Friday, December 4, 2009

Dubai Default... Crisis Part II Or Overreaction

(Editor's Note: Paul Schatz, President of Heritage Capital, LLC, in Woodbridge, will be contributing to Fi$callyFit every Friday. Read his biography here)

While the U.S. enjoyed the big Thanksgiving feast and the Cowboys put a licking on the Raiders, the rest of the world was dealing with the latest shoe to drop in the financial crisis. It should come as no surprise that Dubai World is having problems servicing their massive debt. I remember reading an article in late 2006 that 75% of the entire world's construction cranes were on the ground in Dubai: 75%!!!

I would partially accept it if it was Japan after WWII and it was being rebuilt. Or a country the size of Russia embarking on major urban renewal and expansion. But this is a tiny little state. I shook my head when I read about building the world’s tallest skyscraper, something that hasn’t panned out for other countries attempting the same thing. And the indoor ski mountain. But I was in utter disbelief when I saw the palm tree fingers real estate project being developed from the sea. And the thousands of those million-dollar properties waiting to be sold.

Talk about a bubble that was easy to spot and was almost guaranteed to implode. In my "Shockers of 2008" piece, I forecasted the end of the great Dubai experiment. It wasn't too difficult, especially after a good friend said he was hopping on the bandwagon and opening an office there since it was becoming the financial capital of the earth. That was one of my better calls in '08 to balance against two horrendous ones, where I forecasted a new bull market beginning. I also forecasted extreme dollar strength, which worked out well, along with a collapse in commodities. But forecasting Japan to lead the developed markets wasn’t so good. I am just starting to work on some shockers for 2010, which should be out next month.

Anyway, I do not believe the Dubai news is the beginning of a new chapter in the crisis, just the same old story regurgitated in a different part of the world. It has the feel of a remnant or outlier more than anything else. And if it was so terrible to threaten their financial system or economy, I believe the powers that be in Abu Dhabi would use part of their $500B war chest to do an AIG rescue.

Below is my first attempt to post charts in the blog. It’s a 60 minute chart of the S&P 500 trading around the clock. That means that each bar, red or green, represents 60 minutes. Although the U.S. markets were officially closed for Thanksgiving, the S&P 500 futures market continued to trade as you can see by looking at 11/26 on the bottom. In fairly short order, the market fell from 1111 to 1068 (-3.8%) and then rallied back to 1111.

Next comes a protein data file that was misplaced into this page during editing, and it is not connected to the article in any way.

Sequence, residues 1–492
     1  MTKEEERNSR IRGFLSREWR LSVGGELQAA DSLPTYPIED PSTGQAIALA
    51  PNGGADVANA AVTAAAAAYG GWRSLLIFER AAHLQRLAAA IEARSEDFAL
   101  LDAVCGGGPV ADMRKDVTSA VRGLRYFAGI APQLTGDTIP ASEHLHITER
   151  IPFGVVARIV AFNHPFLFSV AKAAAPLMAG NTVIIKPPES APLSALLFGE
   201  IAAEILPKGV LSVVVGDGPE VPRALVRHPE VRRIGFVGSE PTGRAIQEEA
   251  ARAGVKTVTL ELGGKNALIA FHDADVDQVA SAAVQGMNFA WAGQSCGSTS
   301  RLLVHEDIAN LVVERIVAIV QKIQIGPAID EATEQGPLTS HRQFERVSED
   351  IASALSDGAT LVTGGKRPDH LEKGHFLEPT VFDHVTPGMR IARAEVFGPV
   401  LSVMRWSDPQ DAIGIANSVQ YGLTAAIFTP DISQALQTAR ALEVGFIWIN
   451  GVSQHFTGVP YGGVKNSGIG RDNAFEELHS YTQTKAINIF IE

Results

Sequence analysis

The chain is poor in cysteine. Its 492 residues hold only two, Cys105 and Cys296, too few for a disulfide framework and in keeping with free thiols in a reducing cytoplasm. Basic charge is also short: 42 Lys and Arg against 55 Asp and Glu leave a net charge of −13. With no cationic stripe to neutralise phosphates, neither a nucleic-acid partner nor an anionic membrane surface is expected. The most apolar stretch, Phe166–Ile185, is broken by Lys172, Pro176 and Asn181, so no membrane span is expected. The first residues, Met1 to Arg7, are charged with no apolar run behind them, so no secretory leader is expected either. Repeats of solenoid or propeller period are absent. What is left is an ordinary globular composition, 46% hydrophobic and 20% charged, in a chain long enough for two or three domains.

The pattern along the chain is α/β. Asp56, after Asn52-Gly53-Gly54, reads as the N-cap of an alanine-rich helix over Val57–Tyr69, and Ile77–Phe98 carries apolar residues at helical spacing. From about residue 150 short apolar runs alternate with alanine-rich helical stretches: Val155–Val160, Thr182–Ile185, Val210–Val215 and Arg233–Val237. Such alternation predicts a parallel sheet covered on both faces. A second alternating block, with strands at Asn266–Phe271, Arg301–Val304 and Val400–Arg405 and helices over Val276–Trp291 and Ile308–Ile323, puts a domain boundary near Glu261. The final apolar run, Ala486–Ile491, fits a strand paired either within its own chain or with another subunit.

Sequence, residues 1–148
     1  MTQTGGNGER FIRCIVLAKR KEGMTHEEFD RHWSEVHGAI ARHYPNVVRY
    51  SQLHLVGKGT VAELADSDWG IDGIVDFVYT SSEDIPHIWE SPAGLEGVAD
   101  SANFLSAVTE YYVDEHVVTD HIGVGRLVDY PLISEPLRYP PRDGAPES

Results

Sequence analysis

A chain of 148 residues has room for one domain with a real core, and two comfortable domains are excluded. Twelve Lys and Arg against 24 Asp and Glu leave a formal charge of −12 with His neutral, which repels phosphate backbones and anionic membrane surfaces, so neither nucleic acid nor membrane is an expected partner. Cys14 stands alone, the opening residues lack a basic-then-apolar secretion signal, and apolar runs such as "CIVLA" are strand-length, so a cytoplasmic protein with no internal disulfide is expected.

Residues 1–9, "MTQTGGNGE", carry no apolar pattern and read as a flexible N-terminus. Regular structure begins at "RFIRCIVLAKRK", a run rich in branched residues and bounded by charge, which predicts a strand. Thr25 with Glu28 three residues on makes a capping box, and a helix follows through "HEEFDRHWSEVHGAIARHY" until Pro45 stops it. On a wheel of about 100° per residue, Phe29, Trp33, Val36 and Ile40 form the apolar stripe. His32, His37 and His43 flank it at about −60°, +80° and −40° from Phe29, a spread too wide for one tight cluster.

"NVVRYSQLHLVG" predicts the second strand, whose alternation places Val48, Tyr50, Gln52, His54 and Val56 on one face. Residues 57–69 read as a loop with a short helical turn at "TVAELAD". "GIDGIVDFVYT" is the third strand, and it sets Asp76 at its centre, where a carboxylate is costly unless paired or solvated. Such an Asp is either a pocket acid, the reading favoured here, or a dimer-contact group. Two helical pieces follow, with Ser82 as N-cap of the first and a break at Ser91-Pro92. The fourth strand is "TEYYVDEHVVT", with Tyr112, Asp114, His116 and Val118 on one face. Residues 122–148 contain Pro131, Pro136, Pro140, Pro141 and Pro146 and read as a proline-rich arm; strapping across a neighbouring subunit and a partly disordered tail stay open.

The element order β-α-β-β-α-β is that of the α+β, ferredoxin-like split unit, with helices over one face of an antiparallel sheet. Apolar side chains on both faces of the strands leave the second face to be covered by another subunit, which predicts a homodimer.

Sometimes, it's better to be lucky than good. Last Wednesday morning before the Dubai news broke, I did CNBC's International Exchange as I do on a monthly basis. (See Clip Here ) Part of my comments focused on a stock market pullback after Thanksgiving. I just didn't think it would literally start with a Thanksgiving Day collapse around the globe and end early Friday morning! Thank you to the folks at CNBC for making that segment into a story on their website.

Since Friday morning, stocks have been in strong rally mode that, frankly, has me torn. With such powerfully poor internals on the holiday shortened trading day, there should be more weakness to follow. But this week has shown very positive seasonal tendencies to make it more interesting. While there “should” be another pullback next week, it’s likely to be shallow and followed by higher prices into year-end.

There's been lots of concern lately that the small cap Russell 2000 and mid cap S&P 400 have severely lagged the large cap Dow Jones and S&P 500. While true, that kind of divergence (all indices not confirming each other's move) can exist for weeks, months and even quarters before it ends up mattering. And I am not worried about it yet. It's just sending a message that liquidity is not as strong as it once was and should be monitored.

In short, the Dubai "revelation" is old news and should not impact the markets much longer than a week or so, if at all. The potential debt default in Greece would be a different story. Too much bullish market sentiment still bothers me, but time is running out in 2009 for the bears to do much damage.

As always, please feel free to email me with any questions or comments at

Until next time…

Paul Schatz

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